BBG Watch Commentary
Two recent articles touched upon a little noticed debate over U.S. response to Vladimir Putin’s propaganda offensive aimed at Russia’s population and the rest of the world. Leonid Bershidsky, a Russian journalist living in exile in Germany concluded that “Russian President Vladimir Putin’s propaganda targeted at audiences outside Russia doesn’t work, but neither will any Western counter-efforts directed at Russians.” (“The World Hates Russia. Russia Hates It Back.” Leonid Bershidsky, BloombergView, August 5, 2015)
We respect Mr. Bershidsky as a journalist and Russia expert (we praised his excellent May 2015 BloombergView op-ed “Why Putin Treats Fantasy as History“) but we find his latest analysis overly pessimistic with regard to Russia. We agree with him that Putin’s propaganda does not have a lot of resonance among well-informed individuals and mainstream media in Europe or in the United States, but vitriolic RT programming does have a strong appeal to fringe political movements. Extremists of various political persuasions who feed on RT propaganda could be very dangerous for democracy and human rights.
Combined with other Russian media and public diplomacy outreach, Putin’s propaganda has also, from the Western democratic and human rights perspective, a wholly negative influence in the developing world. It needs to be countered, not with similarly crude propaganda, but with accurate news and sophisticated analysis appropriately targeted to different audiences. Mr. Bershidsky does not think that countering Putin propaganda can be successful in Russia. We believe that it can be successful in the long run, and that it is absolutely essential for the United States to strengthen U.S. information and opinion outreach response to Russian propaganda and disinformation with better management and more funding from Congress. A few Voice of America (VOA) English newsroom reporters who recently called for a “swift and complete renunciation of the idea that VOA would engage in countering violent extremism” from such terrorist groups as ISIS, and presumably are also against “countering” Putin propaganda, should be ignored. They are unable to “respond” to Putin’s propaganda with accurate and objective news and information and opinions presented in a balanced and objective way, which is what “countering” really needs.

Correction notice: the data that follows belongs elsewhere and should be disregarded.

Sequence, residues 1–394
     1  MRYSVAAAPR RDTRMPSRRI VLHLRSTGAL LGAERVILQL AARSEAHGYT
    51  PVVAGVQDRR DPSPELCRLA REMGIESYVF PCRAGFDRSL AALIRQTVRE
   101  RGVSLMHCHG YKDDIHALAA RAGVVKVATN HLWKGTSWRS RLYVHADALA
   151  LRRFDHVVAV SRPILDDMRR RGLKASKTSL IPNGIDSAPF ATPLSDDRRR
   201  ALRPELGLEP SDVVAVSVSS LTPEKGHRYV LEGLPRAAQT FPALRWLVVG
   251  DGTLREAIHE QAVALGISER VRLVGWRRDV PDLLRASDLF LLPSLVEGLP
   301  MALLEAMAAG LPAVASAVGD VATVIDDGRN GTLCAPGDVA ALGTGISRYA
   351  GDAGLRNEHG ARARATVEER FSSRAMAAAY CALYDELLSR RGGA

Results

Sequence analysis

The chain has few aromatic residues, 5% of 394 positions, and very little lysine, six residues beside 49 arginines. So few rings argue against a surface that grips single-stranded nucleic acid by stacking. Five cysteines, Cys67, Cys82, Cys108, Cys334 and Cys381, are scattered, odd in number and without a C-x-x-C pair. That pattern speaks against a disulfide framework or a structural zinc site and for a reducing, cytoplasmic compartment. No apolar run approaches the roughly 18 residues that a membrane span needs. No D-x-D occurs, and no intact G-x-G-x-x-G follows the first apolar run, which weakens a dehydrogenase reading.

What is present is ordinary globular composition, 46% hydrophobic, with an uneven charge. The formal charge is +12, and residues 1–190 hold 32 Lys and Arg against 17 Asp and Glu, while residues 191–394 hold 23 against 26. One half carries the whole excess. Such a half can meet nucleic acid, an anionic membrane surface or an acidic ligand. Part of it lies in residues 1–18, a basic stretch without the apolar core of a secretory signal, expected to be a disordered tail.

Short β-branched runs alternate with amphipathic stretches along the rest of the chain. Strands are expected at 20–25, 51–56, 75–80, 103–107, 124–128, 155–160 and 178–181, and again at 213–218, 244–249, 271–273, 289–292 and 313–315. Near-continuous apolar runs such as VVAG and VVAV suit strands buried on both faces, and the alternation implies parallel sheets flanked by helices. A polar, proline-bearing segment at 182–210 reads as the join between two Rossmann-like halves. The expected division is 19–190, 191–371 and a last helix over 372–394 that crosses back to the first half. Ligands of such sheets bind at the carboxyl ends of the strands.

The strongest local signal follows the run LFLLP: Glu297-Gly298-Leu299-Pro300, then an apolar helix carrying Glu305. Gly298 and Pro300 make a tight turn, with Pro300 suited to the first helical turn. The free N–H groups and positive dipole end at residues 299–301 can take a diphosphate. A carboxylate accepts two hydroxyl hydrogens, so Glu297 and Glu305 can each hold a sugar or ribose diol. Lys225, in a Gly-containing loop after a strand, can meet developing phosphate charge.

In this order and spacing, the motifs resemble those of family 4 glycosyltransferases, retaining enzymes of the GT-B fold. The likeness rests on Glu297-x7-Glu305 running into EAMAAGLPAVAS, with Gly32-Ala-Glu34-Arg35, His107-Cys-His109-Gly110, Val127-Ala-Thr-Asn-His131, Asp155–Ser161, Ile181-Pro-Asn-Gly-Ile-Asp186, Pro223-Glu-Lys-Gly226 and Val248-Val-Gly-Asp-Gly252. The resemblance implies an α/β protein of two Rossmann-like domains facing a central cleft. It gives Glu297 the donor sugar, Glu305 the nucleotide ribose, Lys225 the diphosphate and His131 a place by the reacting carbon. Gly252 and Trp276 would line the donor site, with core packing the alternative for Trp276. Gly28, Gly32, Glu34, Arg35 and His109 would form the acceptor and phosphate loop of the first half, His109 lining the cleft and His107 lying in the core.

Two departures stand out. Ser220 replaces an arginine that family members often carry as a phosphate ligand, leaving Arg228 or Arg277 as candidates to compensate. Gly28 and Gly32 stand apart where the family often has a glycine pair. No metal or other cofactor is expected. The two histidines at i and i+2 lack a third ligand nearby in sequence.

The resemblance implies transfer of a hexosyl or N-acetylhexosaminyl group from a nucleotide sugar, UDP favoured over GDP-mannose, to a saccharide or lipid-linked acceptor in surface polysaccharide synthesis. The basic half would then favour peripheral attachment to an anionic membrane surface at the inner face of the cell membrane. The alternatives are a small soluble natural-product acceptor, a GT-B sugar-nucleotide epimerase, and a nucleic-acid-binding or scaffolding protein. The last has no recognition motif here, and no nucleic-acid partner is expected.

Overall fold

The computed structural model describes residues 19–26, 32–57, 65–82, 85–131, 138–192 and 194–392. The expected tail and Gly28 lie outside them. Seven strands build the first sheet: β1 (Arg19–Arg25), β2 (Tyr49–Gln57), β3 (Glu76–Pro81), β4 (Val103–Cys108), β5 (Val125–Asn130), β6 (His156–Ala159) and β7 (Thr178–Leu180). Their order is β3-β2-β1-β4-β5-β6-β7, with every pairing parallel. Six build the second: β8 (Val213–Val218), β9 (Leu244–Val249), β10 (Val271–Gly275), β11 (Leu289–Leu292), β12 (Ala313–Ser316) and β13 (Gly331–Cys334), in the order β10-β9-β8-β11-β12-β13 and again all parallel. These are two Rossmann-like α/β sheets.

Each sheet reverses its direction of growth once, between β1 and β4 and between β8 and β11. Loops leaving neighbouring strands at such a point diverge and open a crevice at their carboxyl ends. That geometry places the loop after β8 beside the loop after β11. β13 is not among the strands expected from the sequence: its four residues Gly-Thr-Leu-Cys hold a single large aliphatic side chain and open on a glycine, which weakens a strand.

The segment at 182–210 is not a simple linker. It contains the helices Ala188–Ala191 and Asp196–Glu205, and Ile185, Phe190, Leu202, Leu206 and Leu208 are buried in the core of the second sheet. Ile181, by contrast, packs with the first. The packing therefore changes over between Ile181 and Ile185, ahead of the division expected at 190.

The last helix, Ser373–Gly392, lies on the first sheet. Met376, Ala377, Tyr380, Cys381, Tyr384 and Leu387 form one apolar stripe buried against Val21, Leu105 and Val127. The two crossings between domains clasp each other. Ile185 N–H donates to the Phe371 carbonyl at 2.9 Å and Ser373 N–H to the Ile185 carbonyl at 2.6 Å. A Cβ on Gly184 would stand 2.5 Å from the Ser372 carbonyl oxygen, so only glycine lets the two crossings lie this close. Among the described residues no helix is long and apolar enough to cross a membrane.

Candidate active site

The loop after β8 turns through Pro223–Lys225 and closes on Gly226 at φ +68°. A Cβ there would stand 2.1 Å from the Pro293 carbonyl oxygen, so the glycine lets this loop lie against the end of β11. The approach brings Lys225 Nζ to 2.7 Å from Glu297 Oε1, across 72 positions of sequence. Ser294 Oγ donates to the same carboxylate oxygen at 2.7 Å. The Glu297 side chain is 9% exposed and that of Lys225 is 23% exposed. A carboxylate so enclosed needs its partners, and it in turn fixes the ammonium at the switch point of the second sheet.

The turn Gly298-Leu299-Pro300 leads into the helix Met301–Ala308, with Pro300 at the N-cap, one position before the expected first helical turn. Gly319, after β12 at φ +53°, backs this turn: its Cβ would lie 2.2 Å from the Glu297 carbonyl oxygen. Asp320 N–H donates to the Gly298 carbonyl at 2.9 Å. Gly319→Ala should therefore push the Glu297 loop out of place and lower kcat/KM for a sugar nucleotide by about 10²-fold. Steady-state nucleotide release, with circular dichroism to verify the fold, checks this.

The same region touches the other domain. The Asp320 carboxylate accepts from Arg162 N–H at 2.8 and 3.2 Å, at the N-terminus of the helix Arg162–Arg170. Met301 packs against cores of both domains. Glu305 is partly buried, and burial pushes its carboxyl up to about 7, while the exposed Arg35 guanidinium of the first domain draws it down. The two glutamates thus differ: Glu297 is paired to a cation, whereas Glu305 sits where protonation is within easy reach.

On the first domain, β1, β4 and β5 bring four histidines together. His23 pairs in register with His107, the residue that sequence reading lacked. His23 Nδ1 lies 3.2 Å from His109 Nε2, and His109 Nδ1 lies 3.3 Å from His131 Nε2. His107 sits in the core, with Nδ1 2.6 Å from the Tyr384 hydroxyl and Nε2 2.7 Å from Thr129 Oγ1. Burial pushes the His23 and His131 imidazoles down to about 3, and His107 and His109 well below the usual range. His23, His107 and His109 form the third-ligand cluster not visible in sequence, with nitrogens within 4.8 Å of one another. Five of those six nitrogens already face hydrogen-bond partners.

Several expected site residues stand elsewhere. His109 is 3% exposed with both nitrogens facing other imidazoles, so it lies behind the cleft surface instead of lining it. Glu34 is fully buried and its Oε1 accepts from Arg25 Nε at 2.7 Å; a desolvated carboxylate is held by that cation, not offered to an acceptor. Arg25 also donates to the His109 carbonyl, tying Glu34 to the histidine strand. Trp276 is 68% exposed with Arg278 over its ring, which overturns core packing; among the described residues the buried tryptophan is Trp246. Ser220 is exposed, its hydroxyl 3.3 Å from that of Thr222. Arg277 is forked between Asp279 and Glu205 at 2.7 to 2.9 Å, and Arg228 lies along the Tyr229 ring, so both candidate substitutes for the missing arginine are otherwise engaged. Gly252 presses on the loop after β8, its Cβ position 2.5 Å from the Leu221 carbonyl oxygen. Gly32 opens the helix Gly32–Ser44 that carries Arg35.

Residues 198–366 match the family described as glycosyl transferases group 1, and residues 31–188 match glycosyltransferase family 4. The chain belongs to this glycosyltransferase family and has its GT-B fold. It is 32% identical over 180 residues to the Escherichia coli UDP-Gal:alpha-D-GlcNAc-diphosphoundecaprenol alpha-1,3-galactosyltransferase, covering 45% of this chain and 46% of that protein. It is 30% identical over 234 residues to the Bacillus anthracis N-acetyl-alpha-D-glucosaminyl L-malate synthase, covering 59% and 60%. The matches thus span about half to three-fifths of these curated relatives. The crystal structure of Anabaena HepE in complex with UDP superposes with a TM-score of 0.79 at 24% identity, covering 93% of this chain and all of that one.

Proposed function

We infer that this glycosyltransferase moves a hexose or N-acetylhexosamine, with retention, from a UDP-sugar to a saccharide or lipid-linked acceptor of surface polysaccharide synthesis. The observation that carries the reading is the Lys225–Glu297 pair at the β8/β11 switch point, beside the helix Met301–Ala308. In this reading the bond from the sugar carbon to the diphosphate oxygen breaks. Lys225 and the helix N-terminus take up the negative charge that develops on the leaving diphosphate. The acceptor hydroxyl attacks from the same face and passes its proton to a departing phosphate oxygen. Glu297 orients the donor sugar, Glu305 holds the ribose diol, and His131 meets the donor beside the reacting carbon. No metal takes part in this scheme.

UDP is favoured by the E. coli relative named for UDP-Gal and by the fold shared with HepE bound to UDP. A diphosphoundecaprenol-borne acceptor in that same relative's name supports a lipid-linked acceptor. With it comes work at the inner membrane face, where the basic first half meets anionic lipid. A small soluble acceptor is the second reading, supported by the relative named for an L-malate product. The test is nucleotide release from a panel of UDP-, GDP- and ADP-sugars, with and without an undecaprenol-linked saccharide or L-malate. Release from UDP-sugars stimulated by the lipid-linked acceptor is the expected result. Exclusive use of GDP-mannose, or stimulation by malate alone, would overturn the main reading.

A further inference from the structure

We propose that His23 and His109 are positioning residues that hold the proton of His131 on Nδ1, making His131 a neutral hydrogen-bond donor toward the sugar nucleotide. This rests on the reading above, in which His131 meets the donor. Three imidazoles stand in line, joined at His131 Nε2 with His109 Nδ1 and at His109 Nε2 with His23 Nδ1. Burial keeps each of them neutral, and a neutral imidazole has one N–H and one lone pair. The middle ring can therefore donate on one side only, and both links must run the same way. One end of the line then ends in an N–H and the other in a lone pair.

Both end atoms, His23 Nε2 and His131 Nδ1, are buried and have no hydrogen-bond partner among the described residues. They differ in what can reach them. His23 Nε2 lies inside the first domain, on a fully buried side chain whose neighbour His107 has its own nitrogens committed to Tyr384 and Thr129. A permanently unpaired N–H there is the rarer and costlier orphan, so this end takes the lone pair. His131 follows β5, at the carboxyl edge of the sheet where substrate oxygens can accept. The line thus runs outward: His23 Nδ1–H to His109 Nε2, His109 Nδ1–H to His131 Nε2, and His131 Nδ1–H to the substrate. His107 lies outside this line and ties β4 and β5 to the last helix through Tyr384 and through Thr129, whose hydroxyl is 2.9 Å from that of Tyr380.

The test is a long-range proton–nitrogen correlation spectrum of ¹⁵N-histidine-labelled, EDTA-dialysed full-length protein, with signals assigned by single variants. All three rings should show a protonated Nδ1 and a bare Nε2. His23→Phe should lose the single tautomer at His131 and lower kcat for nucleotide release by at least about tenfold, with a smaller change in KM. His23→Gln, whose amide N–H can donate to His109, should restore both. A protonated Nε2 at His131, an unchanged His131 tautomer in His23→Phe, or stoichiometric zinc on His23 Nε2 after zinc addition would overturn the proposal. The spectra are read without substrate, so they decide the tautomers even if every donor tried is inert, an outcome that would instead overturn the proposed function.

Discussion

The second significant article on Putin’s propaganda is by Dr. Leon Aron, Resident Scholar and Director of Russian Studies at the American Enterprise Institute. Dr. Aron is also a Governor on the Broadcasting Board of Governors (BBG) which is responsible for all of U.S. government-funded media outreach abroad through the Voice of America (VOA) and such outlets and Radio Free Europe / Radio Liberty (RFE/RL). (Putinformation: Russian propaganda in the age of postmodernism. Leon Aron, American Enterprise Institute, August 3, 2015)
“In the end, the West is likely to prevail in the new confrontation with Putin’s Russia, whatever label history attaches to it, because eventually dignity and truth tend to prevail over dishonor and lies,” Dr. Aron concluded, adding that “This is what happened to the Soviet Union when its people withdrew their support from the regime.”
On the strategic value of media outreach to Russia, we are much more inclined to agree with Dr. Aron than with Leonid Bershidsky, although we can certainly understand some of Mr. Bershidsky pessimism at this time. In our long-term view, the Russians will eventually withdraw their support from Putin or his authoritarian successors, as they did during the Cold War. It may take, however, a long time, as it did during the Cold War. It may also require new program delivery technologies and definitely better program content.
Dr. Aron is not an unconditional optimist. He also noted that “we ought to be aware of the considerable handicaps with which we enter the battle.” This is also very important.
As an overseer of the Voice of America, Dr. Aron had to became aware in the days after publishing his “Putinformation” article how VOA shamefully turned its back on the famous British-American historian of Stalin’s crimes Robert Conquest after the news of his death in Palo Alto, CA became known. Robert Conquest’s death was not only not reported by VOA worldwide English news service, but the VOA Russian service, which especially in light of Putin’s frequent falsifications of history, had every reason to focus on Robert Conquest and his groundbreaking research, dismissed his death with a wholly pedestrian 100-word report. The VOA Russian service report failed to provide any details on the significance of this great historian and his work for Russia and for the West. Fortunately, the VOA Ukrainian service did have in-depth reports about Robert Conquest’s important research of the Ukrainian genocide in the late 1920s and the early 1930s. BBG’s non-federal grantee media outlet, RFE/RL, also provided an excellent analysis of Conquest’s work and its significance for Putin’s Russia.
Dr. Aron noted in his article that “Voice of America’s budget this year is $212 million and that of Radio Free Europe / Radio Liberty $104 million—in a country whose GDP is nine times Russia’s.” He also noted that “the Kremlin bankrolled RT to the tune of $400 million, while the global news agency Rossiya Segodnya (Russia Today) received $170 million.” The BBG’s entire FY15 budget is about $742 million, 34% of which is consumed by the BBG’s bureaucracy and support services of the International Broadcasting Bureau (IBB). The $742 million figure does not include the money spent on the State Department’s public diplomacy outreach.